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The future demands more education spending: Spence

The Vice-Chancellor took shadow education minister Christopher Pyne to task over historically low tertiary education spending, reports James O’Doherty.

Welcome to big school. Image: Christopher Neugebauer Welcome to big school. Image: Christopher Neugebauer

The University of Sydney. [Photo: Christopher Neugebauer, licensed under CC BY 2.0]
The Vice Chancellor, Dr Michael Spence, used his QandA appearance last night for a scathing criticism of Australia’s education spending.

In repeated stoushes with Shadow Education spokesman Christopher Pyne, Dr Spence called on the Opposition to promise increases in education spending if they won government at the next election.

He attacked Mr Pyne and Federal Attorney General Ms Roxon for their parties’ budget stance: “Australia does not spend the amount on education that its future demands or that its wealth allows it to,” he said.

“Our future is in education. Are you going to invest?”

Education was the flagship issue of the program last night; Dr Spence spoke extensively on the wider importance of education funding, but was spared the brunt of the backlash at recent university cost-cutting that many expected.

Only one question was asked specifically to Dr Spence on his implantation of cost-cutting exercises, from SRC Vice President Tom Raue. After pressure from host Tony Jones, Dr Spence declared that the final number of jobs to be cut was “60”, not “over a hundred,” about which he expressed regret.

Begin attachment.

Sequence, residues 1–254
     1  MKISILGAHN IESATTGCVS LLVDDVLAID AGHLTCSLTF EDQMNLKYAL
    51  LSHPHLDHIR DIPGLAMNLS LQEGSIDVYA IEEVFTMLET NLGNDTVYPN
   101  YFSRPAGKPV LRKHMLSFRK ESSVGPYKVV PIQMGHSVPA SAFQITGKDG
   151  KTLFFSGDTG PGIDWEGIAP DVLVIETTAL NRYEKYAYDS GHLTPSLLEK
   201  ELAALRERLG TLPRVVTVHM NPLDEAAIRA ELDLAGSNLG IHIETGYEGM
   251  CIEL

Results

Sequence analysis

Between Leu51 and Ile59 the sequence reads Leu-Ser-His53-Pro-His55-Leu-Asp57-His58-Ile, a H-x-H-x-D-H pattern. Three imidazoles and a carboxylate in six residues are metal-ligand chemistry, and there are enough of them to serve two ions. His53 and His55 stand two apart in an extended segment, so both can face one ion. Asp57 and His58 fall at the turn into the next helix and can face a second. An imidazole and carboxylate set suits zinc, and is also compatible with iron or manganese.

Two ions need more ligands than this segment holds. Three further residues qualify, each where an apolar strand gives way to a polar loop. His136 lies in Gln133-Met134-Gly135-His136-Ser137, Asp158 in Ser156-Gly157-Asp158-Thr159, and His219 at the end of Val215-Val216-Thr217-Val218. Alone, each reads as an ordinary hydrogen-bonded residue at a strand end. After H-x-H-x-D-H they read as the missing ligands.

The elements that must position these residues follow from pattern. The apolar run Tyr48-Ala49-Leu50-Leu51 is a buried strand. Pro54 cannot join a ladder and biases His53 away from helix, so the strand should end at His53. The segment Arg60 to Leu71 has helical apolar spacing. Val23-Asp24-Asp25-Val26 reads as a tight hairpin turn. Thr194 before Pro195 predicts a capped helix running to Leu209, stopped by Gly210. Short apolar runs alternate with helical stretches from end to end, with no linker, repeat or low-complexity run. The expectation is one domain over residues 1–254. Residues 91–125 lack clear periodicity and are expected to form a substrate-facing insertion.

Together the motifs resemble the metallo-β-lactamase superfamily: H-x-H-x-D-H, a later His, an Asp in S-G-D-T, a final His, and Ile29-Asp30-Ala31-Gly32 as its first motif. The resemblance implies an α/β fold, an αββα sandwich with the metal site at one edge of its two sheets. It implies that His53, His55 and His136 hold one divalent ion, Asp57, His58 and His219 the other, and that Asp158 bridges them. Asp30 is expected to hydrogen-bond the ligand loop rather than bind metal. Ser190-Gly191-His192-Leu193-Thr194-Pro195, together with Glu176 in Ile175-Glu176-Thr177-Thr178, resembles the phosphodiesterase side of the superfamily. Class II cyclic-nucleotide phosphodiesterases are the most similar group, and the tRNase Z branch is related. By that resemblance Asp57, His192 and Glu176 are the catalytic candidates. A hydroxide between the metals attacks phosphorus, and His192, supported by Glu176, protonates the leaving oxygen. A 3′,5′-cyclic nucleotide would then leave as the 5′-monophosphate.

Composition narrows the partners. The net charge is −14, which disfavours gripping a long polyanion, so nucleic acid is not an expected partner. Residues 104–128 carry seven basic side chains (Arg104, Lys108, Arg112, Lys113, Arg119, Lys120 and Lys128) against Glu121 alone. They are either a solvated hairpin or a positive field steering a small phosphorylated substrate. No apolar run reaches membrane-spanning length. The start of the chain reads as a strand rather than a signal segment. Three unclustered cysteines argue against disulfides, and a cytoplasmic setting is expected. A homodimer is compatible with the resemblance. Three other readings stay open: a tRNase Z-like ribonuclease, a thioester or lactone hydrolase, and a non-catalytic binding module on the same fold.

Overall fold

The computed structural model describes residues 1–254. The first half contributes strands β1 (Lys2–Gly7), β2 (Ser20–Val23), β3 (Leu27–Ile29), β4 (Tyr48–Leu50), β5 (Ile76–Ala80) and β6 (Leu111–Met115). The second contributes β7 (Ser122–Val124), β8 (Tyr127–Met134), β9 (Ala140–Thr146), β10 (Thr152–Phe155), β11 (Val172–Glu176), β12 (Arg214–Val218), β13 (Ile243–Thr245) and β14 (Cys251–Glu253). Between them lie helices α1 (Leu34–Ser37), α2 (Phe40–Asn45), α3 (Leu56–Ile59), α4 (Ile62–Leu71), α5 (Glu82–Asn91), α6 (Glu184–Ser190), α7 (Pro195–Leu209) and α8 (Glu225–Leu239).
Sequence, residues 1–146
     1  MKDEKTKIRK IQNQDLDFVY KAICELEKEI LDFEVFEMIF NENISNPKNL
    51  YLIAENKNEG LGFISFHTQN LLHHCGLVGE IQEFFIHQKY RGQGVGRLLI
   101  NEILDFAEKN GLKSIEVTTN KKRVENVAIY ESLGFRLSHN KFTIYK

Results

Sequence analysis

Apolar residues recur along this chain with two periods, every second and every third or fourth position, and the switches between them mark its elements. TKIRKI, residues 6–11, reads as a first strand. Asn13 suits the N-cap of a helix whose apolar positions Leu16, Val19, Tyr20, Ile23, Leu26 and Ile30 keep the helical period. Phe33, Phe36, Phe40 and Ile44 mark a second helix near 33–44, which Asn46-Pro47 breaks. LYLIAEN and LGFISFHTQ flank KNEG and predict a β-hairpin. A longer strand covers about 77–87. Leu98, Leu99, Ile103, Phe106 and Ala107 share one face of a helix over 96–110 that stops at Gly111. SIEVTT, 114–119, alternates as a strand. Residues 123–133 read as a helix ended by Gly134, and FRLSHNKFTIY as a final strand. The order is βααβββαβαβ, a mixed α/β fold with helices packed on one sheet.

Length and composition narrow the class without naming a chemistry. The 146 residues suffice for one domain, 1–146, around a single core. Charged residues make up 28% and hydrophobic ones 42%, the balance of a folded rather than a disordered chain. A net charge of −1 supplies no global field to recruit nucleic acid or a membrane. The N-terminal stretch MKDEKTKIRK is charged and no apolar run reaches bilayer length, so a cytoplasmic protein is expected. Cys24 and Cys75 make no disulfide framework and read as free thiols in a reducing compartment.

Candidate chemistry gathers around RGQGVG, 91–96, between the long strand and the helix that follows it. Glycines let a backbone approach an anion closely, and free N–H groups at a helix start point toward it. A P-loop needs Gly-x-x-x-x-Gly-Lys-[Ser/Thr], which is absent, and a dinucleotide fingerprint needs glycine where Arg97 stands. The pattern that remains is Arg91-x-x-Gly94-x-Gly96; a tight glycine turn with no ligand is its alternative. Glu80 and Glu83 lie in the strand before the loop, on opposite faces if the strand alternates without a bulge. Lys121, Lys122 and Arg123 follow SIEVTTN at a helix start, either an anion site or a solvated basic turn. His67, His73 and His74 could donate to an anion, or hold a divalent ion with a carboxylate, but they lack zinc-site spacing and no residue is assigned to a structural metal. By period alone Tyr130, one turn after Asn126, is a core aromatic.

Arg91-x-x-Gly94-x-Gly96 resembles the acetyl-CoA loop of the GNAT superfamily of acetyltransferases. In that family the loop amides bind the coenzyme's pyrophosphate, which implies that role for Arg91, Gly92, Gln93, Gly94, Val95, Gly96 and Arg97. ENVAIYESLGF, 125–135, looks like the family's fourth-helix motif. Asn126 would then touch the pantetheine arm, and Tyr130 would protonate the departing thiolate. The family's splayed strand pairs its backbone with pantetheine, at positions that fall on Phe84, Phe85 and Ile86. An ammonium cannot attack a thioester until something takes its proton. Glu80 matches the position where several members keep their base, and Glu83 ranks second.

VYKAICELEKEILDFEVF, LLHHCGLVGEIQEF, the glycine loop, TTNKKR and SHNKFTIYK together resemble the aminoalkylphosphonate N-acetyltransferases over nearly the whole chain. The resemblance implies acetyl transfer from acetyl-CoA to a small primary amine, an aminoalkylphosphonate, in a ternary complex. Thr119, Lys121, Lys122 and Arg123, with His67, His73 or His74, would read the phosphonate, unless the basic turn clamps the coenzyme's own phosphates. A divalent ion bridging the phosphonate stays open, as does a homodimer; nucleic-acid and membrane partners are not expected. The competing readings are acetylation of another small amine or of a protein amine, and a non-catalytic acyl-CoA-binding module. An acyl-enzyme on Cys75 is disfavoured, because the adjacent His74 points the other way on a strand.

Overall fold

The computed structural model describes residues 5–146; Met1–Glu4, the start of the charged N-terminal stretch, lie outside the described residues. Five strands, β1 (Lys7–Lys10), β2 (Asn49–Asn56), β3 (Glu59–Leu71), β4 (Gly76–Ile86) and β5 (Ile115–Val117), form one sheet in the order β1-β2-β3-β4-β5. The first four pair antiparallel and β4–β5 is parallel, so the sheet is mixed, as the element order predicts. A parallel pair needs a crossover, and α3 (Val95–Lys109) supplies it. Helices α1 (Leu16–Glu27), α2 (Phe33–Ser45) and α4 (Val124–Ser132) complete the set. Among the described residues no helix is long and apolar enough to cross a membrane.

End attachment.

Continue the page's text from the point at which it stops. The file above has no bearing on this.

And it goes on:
Honi understands that some students, including Tom Raue and SRC Welfare Officer Brigitte Garozzo, had their seating allocations rejected after initial acceptance. Sources close to Mr Raue have said the alleged technical glitch was a deliberate move to stop possible protest at the studio by the SRC Vice President and others.

Once the QandA producers realised Mr Raue and his party was “important,” they were again allowed to attend – on the proviso they behaved themselves, Honi has been told.

Dr Spence said his hands were tied in cutting staff, reiterating that it was not about job cuts but a balancing act. He used the ABC platform to place the onus on governmental spending to address “significant infrastructure problems”, “aging building stock,” and “more students than ever before.”

The Vice Chancellor took the funding model to task over what he saw as historically low spending on tertiary education. “We get less funding, as a percentage, than we got before World War II,” he said. “[We get] less than private schools. We need more money.”

Teachers’ education also featured heavily in the program, with Dr Spence defending Sydney University’s teaching model in training teachers. He said it was the university’s job to teach them critical thinking, and that on the job training must be available for teachers.

Michael Spence took the public opportunity to defend his position in cutting costs at the University. With the debate being steered away from specifics, he was not given the grilling many students expected – or desired.

Whether his clarity of speech and conviction in demanding increased funding was enough to convince students, however, will remain to be seen.